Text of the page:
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Local farm and animal shelters organize "Adopt, Don't Shop"

Families are introduced to local shelters’ pets at Stoughton Farm.
A local farm has teamed up with animal shelters and sanctuaries in the Tompkins County area in order to increase adoption rates. The collaboration, “Adopt, Don’t Shop” will bring the shelters and their animals to Stoughton Farm on weekends throughout the fall season so that families visiting the farm may be exposed to the adoptable pets. This joint effort is also aimed toward increasing the public’s awareness of the shelters’ missions.

Animal Care Sanctuary is among the shelters working with the farm. They were able to adopt out one dog, Tyson, who had been given to the shelter only a week ago. Tyson was visited by a family who posted a picture of him to their Facebook page. Within minutes, friends of the family contacted the sanctuary interested in adopting the newly sheltered pup.

The “Adopt, Don’t Shop” partnership offers the opportunity for animals to socialize with potential owners. Emily Gerth, the Adoption Coordinator at the Animal Care Sanctuary, said that the kennel environment is very stressful for animals, and giving them the chance to leave that environment for a few hours and interact with people will relieve some of that stress.

“When people come and visit the sanctuary [the animals] are in a kennel environment and when people walk by, they can act crazy and not like their true selves,” Gerth said, “Getting them out of this environment and having them interact more with people helps them learn to be a better pet and learn how to be calm and well behaved in different situations.”

Along with facilitating the promotion of the shelter animals at the farm, co-owners Jim and Deb Stoughton also cut a silhouette of a cat and dog, as well as the words “Adopt, Don’t Shop” into this year’s corn maze. The farm has been owned by the husband and wife duo for 11 years.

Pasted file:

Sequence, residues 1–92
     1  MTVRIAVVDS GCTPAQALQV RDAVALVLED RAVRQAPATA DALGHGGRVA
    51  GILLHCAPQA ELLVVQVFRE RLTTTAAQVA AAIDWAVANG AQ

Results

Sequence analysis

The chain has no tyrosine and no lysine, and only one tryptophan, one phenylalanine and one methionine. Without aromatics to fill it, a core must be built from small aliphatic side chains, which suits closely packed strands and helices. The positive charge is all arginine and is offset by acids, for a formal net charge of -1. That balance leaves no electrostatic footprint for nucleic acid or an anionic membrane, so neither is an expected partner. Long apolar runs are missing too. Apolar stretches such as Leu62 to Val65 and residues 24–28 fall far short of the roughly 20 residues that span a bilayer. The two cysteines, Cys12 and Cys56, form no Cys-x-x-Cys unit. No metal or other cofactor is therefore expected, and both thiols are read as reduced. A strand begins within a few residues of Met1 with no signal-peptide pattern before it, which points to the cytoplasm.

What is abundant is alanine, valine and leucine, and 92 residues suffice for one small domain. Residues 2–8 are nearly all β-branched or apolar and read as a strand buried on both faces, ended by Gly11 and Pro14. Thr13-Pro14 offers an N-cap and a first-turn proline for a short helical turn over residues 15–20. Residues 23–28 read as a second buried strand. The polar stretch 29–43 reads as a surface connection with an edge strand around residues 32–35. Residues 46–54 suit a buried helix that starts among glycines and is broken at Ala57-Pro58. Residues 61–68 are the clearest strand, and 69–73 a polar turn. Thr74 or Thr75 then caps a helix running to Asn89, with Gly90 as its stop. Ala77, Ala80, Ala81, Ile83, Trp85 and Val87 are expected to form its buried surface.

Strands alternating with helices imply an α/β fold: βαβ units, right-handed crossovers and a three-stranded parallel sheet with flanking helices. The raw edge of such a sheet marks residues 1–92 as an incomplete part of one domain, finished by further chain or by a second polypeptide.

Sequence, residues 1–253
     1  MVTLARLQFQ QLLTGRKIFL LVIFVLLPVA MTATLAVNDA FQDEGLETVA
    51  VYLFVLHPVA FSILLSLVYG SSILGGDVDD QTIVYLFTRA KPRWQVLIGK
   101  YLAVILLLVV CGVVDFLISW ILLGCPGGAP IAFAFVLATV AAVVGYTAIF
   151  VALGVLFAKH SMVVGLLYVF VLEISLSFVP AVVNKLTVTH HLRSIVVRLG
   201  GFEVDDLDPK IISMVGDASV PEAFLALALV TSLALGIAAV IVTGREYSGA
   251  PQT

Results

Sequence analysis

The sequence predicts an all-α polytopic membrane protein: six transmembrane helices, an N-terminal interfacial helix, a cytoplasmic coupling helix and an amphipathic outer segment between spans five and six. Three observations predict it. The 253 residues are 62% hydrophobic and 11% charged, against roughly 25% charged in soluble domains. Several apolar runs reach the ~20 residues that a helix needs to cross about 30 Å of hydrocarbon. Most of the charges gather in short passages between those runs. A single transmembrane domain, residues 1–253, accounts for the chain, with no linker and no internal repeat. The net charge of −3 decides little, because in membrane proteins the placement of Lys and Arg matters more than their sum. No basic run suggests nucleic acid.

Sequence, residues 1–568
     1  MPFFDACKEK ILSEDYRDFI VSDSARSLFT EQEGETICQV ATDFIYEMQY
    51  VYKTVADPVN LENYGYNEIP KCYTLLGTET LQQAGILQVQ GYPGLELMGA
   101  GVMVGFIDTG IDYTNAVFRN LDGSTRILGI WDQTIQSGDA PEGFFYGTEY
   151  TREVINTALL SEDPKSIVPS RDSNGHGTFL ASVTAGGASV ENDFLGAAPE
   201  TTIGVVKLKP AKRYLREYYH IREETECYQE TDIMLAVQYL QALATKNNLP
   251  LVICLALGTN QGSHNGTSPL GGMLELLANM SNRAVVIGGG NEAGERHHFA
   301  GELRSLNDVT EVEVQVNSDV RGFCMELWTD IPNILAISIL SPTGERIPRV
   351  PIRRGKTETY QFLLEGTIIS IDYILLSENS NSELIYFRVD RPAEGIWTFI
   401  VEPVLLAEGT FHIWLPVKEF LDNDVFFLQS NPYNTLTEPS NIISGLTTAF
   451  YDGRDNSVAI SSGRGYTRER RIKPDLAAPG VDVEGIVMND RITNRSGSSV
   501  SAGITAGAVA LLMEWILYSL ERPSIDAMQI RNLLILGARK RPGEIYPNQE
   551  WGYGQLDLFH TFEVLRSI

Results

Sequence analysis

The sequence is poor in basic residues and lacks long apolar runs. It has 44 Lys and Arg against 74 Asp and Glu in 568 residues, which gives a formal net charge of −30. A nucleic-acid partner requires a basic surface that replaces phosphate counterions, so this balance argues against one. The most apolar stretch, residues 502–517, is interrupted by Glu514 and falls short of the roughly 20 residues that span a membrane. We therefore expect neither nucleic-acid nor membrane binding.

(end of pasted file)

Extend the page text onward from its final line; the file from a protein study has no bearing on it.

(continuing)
“We do try to make it something local and it can be challenging to figure out something people will be interested in,” said Tim Stoughton.

Community events like the one at Stoughton Farm are important for animal shelters and sanctuaries because they provide the chance for adoptable animals to find new homes as well as the opportunity to spread awareness of the shelters’ programs and services, Jim Bouderau, the Executive Director of Tompkins County SPCA, said.

Kristi Snyder was at Stoughton Farm on the 25th of October with a dog named Sawyer. Snyder, a board member for Stray Haven Humane Society and SPCA, explained that the “Adopt, Don’t Shop” event was perfect for dogs like Sawyer, who lack unique features and could easily be overlooked in a shelter. Community outreach events like the one at Stoughton Farm, “allow us the opportunity to showcase one or two particular animals,” Bouderau said. “We may choose to bring one of our shyer animals or one of our senior animals. It gives them a chance to “be the star” as opposed to possibly being lost in the crowd.”

This past week, over 31 animals have been adopted from the SPCA Annex in Tompkins County, but according to Bouderau millions of animals are still dying every year in shelters across the country. The shelters simply do not have the capacity or resources to manage them and not enough adopters to take them home.

“The whole point is they need to be adopted. They need forever homes,” Deb Stoughton said.

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